Separating a fraction

Discussion in 'Math' started by boks, Dec 1, 2008.

  1. boks

    Thread Starter Active Member

    Oct 10, 2008
    218
    0
    I don't remember what this method is named in English, but I want to write the fraction

    \frac{1}{(s^2 + 1)(s-3)(s+2)}

    in the form

    \frac{A}{s^2 + 1} + \frac{B}{s-3} + \frac{C}{s+2}

    I multiply A with (s-3)(s+2), B with (s^2 + 1)(s+2) and C with (s^2 + 1)(s-3), to get

    As^2 - As - 6A + Bs^3 + 2Bs^2 + Bs + 2B + Cs^3 - 3Cs^2 + Cs - 3C = 1

    and the equations

    (1) B + C = 0
    (2) A + 2B - 3C = 0
    (3) -A + B + C = 0
    (4) -6A + 2B - 3C = 1

    (1) and (3) gives A = 0
    (2) then gives B = C = 0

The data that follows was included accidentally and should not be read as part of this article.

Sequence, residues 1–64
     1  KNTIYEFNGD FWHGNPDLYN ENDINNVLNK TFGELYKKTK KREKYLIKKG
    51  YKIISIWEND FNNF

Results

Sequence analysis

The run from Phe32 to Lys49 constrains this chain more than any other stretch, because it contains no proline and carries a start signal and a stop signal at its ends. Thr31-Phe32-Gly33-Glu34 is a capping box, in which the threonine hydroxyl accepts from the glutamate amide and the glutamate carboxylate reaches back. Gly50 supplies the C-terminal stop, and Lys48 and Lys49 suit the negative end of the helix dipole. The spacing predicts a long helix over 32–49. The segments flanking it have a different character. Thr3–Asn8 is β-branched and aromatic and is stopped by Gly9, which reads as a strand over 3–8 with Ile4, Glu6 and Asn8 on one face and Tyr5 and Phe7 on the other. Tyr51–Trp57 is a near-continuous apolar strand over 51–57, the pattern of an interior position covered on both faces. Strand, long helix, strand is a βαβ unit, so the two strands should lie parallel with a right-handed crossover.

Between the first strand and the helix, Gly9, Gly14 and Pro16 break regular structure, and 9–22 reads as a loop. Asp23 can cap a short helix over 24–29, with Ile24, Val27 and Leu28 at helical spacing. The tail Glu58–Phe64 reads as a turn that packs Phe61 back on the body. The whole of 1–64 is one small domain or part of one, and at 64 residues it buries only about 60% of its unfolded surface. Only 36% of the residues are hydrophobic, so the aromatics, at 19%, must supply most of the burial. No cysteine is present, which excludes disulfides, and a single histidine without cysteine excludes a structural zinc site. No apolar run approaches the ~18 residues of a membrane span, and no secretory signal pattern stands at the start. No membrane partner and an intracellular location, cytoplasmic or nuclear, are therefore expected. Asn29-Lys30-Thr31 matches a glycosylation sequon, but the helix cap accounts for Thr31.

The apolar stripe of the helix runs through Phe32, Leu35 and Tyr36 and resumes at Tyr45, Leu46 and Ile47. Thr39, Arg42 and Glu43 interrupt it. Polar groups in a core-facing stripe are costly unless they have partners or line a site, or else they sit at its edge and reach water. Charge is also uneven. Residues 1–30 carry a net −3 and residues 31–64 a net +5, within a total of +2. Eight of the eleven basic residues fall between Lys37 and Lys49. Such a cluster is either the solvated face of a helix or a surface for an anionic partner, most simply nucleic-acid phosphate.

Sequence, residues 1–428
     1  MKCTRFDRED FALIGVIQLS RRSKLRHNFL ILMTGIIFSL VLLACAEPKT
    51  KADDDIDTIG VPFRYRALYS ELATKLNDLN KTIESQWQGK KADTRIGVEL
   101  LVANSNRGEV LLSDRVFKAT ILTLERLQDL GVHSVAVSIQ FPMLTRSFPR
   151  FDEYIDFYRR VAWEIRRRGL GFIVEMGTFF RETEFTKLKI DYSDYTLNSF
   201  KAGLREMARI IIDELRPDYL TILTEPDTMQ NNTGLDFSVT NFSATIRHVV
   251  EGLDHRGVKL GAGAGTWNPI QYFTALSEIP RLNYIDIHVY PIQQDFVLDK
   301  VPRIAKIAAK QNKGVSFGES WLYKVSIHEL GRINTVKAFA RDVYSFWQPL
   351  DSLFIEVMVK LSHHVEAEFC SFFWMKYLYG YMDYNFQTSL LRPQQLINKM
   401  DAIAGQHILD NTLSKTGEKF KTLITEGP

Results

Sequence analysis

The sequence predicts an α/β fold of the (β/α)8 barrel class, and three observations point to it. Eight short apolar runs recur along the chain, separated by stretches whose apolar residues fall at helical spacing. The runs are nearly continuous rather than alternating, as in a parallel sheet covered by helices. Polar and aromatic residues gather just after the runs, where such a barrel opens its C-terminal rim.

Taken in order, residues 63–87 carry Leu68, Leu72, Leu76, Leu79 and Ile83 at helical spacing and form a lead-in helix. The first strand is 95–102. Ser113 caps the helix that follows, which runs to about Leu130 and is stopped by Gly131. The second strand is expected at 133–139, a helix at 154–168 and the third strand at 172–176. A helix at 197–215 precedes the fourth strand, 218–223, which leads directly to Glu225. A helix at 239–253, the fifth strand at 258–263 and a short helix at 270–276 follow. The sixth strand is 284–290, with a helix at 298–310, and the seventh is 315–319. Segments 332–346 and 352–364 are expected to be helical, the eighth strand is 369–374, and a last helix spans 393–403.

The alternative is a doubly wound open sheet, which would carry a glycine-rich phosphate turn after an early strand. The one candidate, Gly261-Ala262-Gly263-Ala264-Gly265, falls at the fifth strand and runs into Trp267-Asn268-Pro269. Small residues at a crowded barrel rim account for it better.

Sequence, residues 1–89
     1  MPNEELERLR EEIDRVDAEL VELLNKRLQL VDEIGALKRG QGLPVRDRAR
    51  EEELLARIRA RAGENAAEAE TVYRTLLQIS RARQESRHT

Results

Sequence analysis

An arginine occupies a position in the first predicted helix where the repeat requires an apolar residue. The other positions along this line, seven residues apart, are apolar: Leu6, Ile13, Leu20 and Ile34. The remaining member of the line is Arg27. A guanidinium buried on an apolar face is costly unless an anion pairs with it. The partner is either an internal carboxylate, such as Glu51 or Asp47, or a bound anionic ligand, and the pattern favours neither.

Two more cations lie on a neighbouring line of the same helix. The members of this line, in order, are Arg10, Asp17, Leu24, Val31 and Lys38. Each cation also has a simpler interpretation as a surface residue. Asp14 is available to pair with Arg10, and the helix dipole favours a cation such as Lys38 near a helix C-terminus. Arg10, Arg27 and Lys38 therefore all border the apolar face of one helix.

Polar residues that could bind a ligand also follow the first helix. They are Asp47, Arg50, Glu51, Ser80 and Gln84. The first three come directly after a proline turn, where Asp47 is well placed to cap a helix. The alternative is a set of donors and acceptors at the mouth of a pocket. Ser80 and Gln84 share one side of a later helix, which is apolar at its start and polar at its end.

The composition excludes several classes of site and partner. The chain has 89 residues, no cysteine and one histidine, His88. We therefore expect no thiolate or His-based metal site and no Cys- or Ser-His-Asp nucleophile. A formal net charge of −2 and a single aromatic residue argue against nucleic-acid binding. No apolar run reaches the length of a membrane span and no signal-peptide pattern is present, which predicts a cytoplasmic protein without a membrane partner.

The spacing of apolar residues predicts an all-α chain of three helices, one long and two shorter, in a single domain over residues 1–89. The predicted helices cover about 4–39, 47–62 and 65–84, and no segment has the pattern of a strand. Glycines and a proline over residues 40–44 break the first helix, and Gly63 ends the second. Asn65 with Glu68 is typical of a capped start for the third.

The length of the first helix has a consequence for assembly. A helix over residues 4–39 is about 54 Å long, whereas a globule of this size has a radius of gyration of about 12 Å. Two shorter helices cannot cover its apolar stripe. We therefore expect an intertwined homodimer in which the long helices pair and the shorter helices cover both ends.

This is obviously wrong. The correct answer is

    A = 2s - 4
    B = 2
    C = -4

    according to my book. There must be something I don't understand here...
     
  2. mik3

    Senior Member

    Feb 4, 2008
    4,846
    63
    You have to put As+D over (s^2+1) and not just A.
     
  3. boks

    Thread Starter Active Member

    Oct 10, 2008
    218
    0
    OK, thanks. What is the method called? I'm trying to find something on the internet.
     
  4. mik3

    Senior Member

    Feb 4, 2008
    4,846
    63
    The general is partial fractions, I think this is called partial fractions with repeated and quadratic roots.
     
  5. blazedaces

    Active Member

    Jul 24, 2008
    130
    0
    It's also called partial fraction expansion.
    Good luck,
    -blazed
     
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